Next week's garden column will focus on fall gardening so I called Sue Gray, Extension Educator, Horticulture, Oklahoma State University in Tulsa.
Gray wrote a fact sheet for Tulsa Master Gardener's website and contributed to the OSU Fact Sheet number HLA 6009 on fall gardening.
Gray said to clean up the bed and mulch it ten days to two weeks before planting so the soil can be cooled by the mulch. In the meantime, if you are dying to start seeds, start them in pots.
It is still too hot to start lettuce outside so Gray is starting hers inside where the lettuce's preferred 70-degree temperature for soil and air can be met.
P. Allen Smith's newsletter says he is planting spinach this week in Little Rock, Arkansas, where he lives. Smith prefers Bloomsdale Longstanding.
Garden Guides says it is also time to put out flower seeds that need a cold stratification to come up and bloom next spring. Pansy, alyssum, calendula, bachelor buttons, love-in-a-mist and many other seeds should be purchased now and planted in prepared soil in September.
Muskogee gardeners plant Larkspur and poppy seeds around Thanksgiving. West Texas Cooperative Extension has a helpful sheet on flower seed planting and they recommend September for many flower seeds.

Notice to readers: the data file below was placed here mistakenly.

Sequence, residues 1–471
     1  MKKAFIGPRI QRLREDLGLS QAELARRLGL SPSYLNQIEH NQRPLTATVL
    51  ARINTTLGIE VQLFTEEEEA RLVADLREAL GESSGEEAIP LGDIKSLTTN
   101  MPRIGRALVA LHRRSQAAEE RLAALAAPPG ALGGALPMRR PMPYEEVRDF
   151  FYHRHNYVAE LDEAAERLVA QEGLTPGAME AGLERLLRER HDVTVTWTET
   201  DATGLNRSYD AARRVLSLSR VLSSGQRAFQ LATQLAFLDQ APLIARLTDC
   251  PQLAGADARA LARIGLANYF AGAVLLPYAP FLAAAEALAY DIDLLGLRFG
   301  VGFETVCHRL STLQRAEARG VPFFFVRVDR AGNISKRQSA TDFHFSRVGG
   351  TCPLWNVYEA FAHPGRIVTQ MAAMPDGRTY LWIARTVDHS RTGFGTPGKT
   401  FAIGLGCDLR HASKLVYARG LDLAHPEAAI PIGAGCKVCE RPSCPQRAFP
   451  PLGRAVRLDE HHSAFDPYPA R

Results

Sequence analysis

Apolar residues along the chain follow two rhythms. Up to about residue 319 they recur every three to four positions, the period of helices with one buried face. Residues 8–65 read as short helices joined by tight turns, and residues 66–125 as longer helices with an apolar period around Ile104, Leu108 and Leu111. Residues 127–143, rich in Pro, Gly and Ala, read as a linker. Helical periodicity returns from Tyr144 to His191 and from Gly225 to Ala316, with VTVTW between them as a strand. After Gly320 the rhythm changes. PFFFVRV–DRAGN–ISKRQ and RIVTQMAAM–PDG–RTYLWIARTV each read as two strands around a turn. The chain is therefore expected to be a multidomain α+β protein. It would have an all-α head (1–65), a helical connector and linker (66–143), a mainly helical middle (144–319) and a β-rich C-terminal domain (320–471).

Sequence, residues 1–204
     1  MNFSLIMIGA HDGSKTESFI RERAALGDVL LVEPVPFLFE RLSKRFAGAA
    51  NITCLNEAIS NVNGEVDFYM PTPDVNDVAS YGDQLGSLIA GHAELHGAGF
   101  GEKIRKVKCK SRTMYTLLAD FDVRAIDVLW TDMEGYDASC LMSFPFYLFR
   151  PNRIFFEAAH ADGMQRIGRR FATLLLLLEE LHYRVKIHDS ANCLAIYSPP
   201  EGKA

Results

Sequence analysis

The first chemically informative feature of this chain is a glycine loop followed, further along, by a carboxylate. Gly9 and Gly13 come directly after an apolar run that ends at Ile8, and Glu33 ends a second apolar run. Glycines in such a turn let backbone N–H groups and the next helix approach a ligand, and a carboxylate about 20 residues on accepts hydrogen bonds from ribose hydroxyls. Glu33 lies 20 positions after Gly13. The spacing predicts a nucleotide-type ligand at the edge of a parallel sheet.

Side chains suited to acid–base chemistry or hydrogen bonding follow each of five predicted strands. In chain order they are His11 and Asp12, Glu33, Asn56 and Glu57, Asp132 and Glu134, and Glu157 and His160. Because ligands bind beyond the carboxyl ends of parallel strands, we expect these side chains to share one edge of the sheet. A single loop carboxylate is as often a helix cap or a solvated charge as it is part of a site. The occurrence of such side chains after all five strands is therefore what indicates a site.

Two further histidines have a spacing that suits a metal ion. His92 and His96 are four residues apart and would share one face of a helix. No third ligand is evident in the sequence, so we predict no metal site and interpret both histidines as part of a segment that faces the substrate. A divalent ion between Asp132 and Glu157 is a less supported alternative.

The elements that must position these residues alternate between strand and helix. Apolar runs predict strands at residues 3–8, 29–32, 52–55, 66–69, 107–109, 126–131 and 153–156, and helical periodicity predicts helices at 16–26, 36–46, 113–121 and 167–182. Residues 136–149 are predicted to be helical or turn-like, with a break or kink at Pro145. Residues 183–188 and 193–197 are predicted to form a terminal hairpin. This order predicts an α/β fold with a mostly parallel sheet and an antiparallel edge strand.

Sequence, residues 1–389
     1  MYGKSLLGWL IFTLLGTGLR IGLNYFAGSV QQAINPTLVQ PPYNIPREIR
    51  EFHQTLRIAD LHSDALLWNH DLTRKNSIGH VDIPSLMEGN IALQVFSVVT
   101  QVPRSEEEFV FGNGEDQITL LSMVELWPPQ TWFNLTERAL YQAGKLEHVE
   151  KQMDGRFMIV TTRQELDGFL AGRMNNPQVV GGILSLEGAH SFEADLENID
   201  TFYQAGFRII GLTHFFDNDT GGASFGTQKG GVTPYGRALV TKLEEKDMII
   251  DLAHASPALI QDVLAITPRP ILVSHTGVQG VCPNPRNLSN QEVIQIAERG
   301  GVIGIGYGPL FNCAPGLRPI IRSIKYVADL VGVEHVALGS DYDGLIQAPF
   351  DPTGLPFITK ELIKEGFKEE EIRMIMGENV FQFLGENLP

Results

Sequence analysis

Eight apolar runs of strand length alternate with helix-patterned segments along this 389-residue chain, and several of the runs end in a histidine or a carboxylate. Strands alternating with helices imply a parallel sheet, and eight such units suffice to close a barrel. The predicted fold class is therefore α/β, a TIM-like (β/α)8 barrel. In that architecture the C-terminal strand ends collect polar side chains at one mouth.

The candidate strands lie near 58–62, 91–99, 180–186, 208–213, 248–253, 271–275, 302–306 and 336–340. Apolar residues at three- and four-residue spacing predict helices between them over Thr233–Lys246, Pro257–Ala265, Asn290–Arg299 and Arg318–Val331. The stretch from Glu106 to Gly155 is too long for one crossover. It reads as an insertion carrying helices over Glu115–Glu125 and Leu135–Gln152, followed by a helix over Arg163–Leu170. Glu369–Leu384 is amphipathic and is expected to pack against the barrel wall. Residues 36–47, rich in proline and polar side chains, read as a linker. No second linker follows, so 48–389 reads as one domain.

Gray said to look at the seed packets - they often say spring or fall seeding. The other item to read on the seed packet is "days to maturity". Gray said anything planted now should mature in 70-days or less.
When I was at Stringer Nursery in Tulsa yesterday, the owner reminded me that all perennial flowers appreciate being planted from seed at this time of year. By the way Stringer has their 2008 seeds in already and they plan to re-order as needed over the winter.
If you have not seen it yet, Winter Sown is a website specifically geared toward information on sowing seeds in cold weather. The Winter Sown link is to an essay on the basics, including a list of plants to consider.